Mike Trout, Angels organization still reeling from death of Aaron Cox


The name on the back of Mike Trout’s jersey Friday night was not there Saturday or Sunday, but it will forever remain in the heart of the Angels center fielder.

As a tribute to Aaron Cox, his 24-year-old brother-in-law who died Aug. 15, Trout wore “A. COX” on his No. 27 jersey. It was Trout’s way to honor a family member, his hunting, fishing, golfing and bowling buddy, and a fellow baseball player.

Cox, the younger brother of Trout’s wife, Jessica Tara Cox, and until recently a pitching prospect in the Angels farm system, died from what a New Jersey State Police spokesman said was a self-inflicted gunshot wound.


Cox was rushed by ambulance from the Driftwood RV Resort & Campground to the AtlantiCare Regional Medical Center in Atlantic City. He died four days later.

Trout declined to discuss the circumstances surrounding Cox’s death.

The Angels' Mike Trout wears a jersey bearing a name of his late brother-in-law, Aaron Cox, Friday against the Houston Astros.
(Jae C. Hong / Associated Press)

“This remains a very personal and private family matter,” a team spokesman said. “When and if the family chooses to speak publicly about Aaron is their choice.”

Trout posted a heartfelt tribute to Cox on his Instagram account Thursday, the day after Cox’s memorial service in Vineland, N.J., which several Angels officials attended, and a day before he resumed playing after a three-week absence.

“Aaron, words can’t describe the emotions that I’ve been feeling the past week and a half,” Trout wrote. “You were more than just my brother-in-law... you were my best friend. You made such an impact on my life since the day I first met you.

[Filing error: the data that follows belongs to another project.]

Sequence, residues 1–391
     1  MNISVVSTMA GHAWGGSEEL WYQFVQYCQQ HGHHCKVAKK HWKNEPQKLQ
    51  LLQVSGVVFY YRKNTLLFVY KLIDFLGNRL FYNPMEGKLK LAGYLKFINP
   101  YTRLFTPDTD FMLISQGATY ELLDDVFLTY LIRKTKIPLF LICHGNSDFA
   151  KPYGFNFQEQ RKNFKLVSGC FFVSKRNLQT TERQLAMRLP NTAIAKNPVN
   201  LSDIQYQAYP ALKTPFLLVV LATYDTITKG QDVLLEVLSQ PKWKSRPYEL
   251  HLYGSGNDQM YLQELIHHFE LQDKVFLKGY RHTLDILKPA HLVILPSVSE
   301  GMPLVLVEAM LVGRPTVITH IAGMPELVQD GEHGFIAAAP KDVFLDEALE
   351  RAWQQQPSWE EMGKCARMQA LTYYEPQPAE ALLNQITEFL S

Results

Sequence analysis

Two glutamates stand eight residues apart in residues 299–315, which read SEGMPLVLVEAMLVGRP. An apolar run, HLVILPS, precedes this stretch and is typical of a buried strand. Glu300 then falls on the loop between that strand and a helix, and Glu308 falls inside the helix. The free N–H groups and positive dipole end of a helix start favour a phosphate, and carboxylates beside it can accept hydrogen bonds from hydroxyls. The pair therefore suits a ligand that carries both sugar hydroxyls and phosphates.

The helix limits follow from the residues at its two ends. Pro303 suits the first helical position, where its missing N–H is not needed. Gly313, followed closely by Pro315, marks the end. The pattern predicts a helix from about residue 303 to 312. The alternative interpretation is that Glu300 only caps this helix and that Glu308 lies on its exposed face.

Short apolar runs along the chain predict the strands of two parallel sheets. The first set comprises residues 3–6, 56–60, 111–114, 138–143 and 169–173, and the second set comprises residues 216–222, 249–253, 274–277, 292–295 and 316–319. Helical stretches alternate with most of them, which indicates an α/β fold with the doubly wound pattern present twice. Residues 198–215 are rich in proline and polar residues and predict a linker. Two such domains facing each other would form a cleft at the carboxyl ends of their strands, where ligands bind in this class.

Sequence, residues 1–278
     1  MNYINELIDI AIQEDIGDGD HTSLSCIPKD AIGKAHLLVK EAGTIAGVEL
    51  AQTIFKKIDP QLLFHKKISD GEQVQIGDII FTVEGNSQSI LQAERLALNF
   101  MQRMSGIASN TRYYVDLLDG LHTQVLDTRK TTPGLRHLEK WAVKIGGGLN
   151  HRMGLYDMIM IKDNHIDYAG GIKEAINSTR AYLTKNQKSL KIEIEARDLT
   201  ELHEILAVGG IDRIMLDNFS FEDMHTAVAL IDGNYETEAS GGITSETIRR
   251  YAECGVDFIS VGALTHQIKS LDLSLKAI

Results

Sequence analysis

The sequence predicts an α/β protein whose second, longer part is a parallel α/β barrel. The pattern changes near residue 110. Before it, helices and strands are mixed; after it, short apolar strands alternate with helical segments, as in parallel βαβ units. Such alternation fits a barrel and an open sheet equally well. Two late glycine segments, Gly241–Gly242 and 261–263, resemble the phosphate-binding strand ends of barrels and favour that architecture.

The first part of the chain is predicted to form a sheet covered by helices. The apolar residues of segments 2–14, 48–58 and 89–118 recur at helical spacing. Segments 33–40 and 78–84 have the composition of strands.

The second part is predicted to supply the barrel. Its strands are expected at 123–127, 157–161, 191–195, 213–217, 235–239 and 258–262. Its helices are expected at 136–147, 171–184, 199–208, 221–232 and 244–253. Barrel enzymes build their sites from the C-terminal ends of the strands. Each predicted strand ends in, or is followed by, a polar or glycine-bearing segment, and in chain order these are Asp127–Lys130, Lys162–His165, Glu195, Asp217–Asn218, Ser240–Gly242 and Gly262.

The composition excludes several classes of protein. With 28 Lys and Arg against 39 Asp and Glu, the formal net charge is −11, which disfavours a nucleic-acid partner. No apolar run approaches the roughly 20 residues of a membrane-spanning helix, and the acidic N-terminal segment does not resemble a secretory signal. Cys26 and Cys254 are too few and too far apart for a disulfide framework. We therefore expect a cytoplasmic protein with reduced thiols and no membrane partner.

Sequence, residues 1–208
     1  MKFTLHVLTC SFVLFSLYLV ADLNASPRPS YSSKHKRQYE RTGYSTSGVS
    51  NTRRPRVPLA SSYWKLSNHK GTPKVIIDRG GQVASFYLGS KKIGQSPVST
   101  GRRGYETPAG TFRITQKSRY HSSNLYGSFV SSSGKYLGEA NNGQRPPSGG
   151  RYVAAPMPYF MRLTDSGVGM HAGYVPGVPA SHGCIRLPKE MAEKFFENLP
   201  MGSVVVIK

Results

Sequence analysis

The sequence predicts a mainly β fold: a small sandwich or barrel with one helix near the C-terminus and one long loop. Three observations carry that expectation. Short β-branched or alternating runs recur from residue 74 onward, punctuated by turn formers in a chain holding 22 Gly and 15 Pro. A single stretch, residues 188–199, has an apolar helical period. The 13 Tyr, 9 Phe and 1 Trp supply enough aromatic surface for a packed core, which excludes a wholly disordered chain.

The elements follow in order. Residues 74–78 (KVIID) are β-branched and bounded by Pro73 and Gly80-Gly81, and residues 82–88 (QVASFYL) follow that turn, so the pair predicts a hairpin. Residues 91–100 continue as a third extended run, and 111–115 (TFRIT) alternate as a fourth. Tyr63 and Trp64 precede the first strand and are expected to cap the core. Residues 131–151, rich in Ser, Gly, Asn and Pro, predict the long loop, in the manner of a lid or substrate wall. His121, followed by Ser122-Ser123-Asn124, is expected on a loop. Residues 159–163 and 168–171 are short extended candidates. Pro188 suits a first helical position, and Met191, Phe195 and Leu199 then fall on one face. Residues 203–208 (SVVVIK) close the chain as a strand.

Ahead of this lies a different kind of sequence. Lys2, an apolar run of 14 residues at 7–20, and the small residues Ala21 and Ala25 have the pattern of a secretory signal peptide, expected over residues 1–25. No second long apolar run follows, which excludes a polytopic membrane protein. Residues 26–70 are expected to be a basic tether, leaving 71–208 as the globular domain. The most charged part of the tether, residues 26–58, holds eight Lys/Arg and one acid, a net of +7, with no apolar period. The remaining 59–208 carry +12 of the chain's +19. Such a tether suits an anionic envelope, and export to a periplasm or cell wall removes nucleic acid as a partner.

“You were an amazing person inside & out who showed us all how to live life to the fullest. Seeing and hearing about your impact on other people are all things that made me a better person every single day.”


The next night, in his first game since he suffered a right-wrist injury Aug. 1, Trout lined the first pitch he saw for a triple. He played all three weekend games against Houston, going four for 11.

Trout said after Friday night’s game he was “emotionally drained” and still reeling from Cox’s death.

“When it happened,” Trout said, “you tell yourself you want to wake up from a dream or a bad nightmare.”

Trout, 27, married Jessica last December, but the pair began dating at Millville High School in New Jersey. The Trout and Cox families have been intertwined for more than a decade.

Like Trout, Cox starred at Millville High, helping the Thunderbolts win the 2011 South Jersey Group IV championship as a junior in 2011 and going 6-0 with an 0.86 ERA as a senior in 2012.

He played three seasons for Division II Gannon University in Erie, Pa., before being drafted by the Angels in the 19th round in 2015.

“Aaron was one of the most humble people I have ever known,” said Nico Baldelli, who was Cox’s catcher at Gannon and remained a friend. “He was a very loyal friend, someone I called the little brother I never had. Our bond was so strong because I was his catcher in college, and that pitcher-catcher relationship is something you can’t replace.”


As a minor leaguer, Cox went 7-3 with a 3.64 ERA in 68 appearances over three seasons for rookie-league Orem and Class-A Burlington and Inland Empire. His teammates at Inland Empire this season described him as highly energetic, ultra-competitive and fun-loving, with a good sense of humor.

“He was a great kid,” said left-hander Nate Bertness, who shared an apartment with Cox in San Bernardino in April and May. “If Cox walked into the room, the room got better, for sure. He brought a ton of energy and was always bouncing off the wall.

“He was extremely competitive. Some nights we would stay up until 4 a.m. playing cards. On the golf course, we’d go on the chipping green, sit there and chip balls for four hours to see who would get the first ball in.”

Cox seemed to immerse himself into every activity.